Suzannah grew up in Brookline, MA, where she took ballet and jazz at her neighborhood studio, and developed a love for all things musical theater. At Barnard College, she explored tap and modern, and began to combine her interests in dance and writing. She graduated with a major in English and a minor in dance, writing a senior thesis on the role of dance in Jane Austen's work. She has written about dance for various online and print publications.
Shannon Mather's Body Love being performed at competition (photo by Art Lee, courtesy Shannon Mather)
WhenShannon Mather choreographed Body Love on a group of dancers from her Mather Dance Company, a video of the work was so popular that it ended up going viral, garnering over a million views on YouTube. Set to a spoken-word poem by Mary Lambert on themes of body image, unhealthy beauty standards, and self-confidence, the piece resonated not only with competition judges (who placed the piece in the top three at Hall of Fame Dance Challenge), but also with the teenage dancers in the cast. "It spoke a lot to girls," Mather says. "I got so many messages."
Dancing to spoken word can be incredibly powerful, and help you stand out in a competition. But it comes with its own set of challenges, especially if you're used to having music backing you up. Here's what you need to know if you're thinking about tackling a spoken-word piece.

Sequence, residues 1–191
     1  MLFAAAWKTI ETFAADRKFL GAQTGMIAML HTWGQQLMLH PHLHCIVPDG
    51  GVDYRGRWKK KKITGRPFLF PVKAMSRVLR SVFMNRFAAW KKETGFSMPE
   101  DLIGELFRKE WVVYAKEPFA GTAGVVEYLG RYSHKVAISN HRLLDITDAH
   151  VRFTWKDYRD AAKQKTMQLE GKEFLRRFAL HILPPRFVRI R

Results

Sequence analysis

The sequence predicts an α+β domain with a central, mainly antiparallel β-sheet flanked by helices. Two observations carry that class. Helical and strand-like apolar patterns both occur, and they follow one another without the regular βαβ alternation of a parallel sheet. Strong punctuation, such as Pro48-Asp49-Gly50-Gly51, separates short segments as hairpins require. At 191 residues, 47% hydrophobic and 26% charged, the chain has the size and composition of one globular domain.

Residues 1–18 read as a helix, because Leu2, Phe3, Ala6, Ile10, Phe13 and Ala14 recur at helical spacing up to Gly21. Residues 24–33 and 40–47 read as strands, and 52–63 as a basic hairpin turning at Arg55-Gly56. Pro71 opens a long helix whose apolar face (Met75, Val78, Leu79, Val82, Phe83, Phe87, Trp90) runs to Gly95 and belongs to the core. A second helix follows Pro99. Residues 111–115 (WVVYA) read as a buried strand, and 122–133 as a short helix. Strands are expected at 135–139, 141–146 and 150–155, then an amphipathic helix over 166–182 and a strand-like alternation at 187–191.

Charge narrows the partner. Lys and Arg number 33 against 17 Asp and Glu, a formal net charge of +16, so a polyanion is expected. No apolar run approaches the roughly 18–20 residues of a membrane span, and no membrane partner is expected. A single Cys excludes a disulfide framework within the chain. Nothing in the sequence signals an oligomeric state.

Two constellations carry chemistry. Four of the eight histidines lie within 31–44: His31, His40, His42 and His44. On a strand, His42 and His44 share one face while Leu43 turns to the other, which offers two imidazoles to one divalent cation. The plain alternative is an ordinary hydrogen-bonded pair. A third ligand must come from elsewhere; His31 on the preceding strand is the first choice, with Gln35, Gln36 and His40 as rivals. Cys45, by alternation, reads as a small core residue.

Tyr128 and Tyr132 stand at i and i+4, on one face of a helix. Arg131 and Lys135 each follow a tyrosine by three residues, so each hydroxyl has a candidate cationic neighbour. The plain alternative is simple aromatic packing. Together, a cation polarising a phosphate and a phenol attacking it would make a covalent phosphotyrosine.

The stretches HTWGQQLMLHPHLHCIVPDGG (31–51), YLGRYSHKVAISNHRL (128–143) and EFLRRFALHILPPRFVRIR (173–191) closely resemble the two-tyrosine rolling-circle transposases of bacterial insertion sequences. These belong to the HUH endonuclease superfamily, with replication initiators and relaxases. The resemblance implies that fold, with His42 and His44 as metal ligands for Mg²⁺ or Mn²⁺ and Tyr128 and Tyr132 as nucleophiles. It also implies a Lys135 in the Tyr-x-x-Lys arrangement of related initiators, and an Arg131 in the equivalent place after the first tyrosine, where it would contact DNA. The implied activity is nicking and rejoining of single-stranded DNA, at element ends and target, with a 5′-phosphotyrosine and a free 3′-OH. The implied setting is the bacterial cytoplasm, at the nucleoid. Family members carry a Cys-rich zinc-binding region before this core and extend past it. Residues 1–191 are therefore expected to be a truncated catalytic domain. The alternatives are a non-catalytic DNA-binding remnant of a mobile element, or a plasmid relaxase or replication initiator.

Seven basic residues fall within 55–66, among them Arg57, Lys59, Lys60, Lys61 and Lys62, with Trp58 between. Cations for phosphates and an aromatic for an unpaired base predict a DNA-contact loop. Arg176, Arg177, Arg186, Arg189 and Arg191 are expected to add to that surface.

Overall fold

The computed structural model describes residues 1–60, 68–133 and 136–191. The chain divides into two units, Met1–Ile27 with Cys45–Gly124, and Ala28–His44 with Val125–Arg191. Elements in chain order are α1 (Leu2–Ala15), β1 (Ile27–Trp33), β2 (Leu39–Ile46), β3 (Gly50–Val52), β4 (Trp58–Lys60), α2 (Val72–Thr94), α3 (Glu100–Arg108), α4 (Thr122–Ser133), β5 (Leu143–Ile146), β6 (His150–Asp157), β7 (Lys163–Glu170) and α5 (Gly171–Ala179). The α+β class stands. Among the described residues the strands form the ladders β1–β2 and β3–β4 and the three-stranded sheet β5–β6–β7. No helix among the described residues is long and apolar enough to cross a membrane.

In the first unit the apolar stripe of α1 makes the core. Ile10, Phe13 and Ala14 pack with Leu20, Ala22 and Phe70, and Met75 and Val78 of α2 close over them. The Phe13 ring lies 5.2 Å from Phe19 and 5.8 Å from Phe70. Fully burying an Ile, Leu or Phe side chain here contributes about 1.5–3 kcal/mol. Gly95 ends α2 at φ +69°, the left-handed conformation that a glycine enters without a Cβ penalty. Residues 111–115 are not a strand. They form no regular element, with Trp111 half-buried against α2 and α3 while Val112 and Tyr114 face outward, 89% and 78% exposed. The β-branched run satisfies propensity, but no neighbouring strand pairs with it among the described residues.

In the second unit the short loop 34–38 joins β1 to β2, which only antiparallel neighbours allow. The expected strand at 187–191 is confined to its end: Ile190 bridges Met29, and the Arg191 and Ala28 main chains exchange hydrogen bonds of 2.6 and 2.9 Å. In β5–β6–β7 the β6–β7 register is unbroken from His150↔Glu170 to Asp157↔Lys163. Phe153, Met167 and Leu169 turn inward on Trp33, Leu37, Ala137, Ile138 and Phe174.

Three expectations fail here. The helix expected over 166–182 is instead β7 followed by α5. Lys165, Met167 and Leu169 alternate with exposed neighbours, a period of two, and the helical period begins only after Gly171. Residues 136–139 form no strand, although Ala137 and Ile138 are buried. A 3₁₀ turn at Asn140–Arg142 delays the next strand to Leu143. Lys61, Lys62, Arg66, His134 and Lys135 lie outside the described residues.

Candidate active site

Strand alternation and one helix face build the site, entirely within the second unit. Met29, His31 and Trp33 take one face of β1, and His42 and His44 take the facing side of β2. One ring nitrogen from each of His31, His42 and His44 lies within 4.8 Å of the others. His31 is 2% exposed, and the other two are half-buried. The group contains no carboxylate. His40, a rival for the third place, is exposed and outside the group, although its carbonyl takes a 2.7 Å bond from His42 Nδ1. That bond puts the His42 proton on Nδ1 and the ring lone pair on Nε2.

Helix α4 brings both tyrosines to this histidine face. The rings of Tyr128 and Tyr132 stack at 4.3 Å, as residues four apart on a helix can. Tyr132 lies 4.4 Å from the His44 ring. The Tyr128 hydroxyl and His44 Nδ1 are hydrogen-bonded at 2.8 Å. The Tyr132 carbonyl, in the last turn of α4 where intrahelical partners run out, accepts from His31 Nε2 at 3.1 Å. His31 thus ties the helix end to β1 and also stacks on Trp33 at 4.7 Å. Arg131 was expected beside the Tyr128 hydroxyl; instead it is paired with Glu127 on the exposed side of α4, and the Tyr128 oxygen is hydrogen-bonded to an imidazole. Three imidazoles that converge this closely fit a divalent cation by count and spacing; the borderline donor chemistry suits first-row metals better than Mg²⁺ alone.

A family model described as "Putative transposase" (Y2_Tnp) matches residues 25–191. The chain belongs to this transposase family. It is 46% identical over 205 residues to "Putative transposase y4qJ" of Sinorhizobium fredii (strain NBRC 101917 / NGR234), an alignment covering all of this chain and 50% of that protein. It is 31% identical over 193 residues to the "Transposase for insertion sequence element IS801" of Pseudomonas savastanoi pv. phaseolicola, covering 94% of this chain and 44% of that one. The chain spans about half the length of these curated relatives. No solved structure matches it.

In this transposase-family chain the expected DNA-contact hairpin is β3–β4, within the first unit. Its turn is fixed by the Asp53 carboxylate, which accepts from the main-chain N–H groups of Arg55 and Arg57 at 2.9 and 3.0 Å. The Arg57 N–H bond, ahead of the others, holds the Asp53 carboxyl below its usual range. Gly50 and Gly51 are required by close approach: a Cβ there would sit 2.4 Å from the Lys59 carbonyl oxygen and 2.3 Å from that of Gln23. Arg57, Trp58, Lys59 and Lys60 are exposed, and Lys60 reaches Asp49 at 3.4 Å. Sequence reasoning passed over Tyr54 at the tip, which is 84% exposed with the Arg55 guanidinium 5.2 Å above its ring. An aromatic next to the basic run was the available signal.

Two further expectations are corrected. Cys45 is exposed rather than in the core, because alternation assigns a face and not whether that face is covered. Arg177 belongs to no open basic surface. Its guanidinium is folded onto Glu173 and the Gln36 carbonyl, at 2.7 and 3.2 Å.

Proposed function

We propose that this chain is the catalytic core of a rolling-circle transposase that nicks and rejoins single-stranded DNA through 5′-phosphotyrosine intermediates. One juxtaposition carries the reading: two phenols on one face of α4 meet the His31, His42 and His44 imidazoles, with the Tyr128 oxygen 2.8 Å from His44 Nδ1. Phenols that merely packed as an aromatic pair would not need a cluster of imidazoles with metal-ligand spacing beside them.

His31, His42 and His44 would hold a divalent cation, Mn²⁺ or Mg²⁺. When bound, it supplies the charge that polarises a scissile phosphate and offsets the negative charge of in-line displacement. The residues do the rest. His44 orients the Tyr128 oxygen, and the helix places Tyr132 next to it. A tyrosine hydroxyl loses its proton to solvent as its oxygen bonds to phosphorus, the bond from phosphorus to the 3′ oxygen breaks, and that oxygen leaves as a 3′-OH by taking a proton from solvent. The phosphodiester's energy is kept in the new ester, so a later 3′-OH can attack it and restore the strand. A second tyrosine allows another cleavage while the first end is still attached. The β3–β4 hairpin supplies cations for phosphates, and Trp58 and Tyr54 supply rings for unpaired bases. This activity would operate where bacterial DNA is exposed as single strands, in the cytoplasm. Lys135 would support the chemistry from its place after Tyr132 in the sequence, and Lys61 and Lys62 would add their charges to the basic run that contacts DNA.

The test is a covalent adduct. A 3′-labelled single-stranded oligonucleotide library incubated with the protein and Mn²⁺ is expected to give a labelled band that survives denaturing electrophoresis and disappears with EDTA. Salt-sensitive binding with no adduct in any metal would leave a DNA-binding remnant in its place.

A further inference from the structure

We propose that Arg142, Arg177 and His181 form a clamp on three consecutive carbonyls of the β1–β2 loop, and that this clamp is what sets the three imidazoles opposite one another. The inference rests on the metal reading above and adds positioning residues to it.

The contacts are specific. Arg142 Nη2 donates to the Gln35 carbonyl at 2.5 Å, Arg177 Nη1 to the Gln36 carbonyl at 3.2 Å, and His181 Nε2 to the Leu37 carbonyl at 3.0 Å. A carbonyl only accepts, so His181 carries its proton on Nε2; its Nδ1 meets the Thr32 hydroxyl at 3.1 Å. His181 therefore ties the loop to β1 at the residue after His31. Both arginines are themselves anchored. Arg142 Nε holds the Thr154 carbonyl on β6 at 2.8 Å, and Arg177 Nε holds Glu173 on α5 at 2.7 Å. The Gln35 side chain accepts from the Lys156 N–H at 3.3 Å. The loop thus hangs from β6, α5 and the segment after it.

n RWS Entertainment Group Audition (courtesy RWS Entertainment Group)
Figuring out how to avoid getting cut in a musical theater audition can feel like a mystery. "It's not just about your technique, it's about the whole package of the person," says Justin Bohon, a casting director at Binder Casting, whose clients include The Lion King on Broadway. But how do you present yourself in the best way possible, and avoid making a faux pas that distracts from what's most important—your dancing? Bohon and three other casting directors gave us the scoop on their biggest audition pet peeves.
Performing on a Broadway stage might seem glamorous, but it comes with one of the most grueling schedules a dancer can face. Maintaining your stamina and energy, warding off injury and keeping the material fresh for eight shows a week is no joke. So how do dancers do it? Dance Spirit talked to ensemble members from some of Broadway's danciest shows to get their survival tips.